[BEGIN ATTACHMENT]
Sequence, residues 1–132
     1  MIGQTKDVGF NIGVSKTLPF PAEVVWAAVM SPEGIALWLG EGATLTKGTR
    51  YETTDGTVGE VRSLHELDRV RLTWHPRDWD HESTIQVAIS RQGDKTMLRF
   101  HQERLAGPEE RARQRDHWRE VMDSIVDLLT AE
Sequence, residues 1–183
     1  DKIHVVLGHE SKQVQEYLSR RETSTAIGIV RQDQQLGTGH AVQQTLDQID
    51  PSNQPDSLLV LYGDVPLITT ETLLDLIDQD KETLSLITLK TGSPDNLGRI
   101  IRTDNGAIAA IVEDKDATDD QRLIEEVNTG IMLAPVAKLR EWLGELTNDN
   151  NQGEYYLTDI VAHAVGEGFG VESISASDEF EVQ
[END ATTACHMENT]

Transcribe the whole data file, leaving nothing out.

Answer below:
Sequence, residues 1–132
     1  MIGQTKDVGF NIGVSKTLPF PAEVVWAAVM SPEGIALWLG EGATLTKGTR
    51  YETTDGTVGE VRSLHELDRV RLTWHPRDWD HESTIQVAIS RQGDKTMLRF
   101  HQERLAGPEE RARQRDHWRE VMDSIVDLLT AE
Sequence, residues 1–183
     1  DKIHVVLGHE SKQVQEYLSR RETSTAIGIV RQDQQLGTGH AVQQTLDQID
    51  PSNQPDSLLV LYGDVPLITT ETLLDLIDQD KETLSLITLK TGSPDNLGRI
   101  IRTDNGAIAA IVEDKDATDD QRLIEEVNTG IMLAPVAKLR EWLGELTNDN
   151  NQGEYYLTDI VAHAVGEGFG VESISASDEF EVQ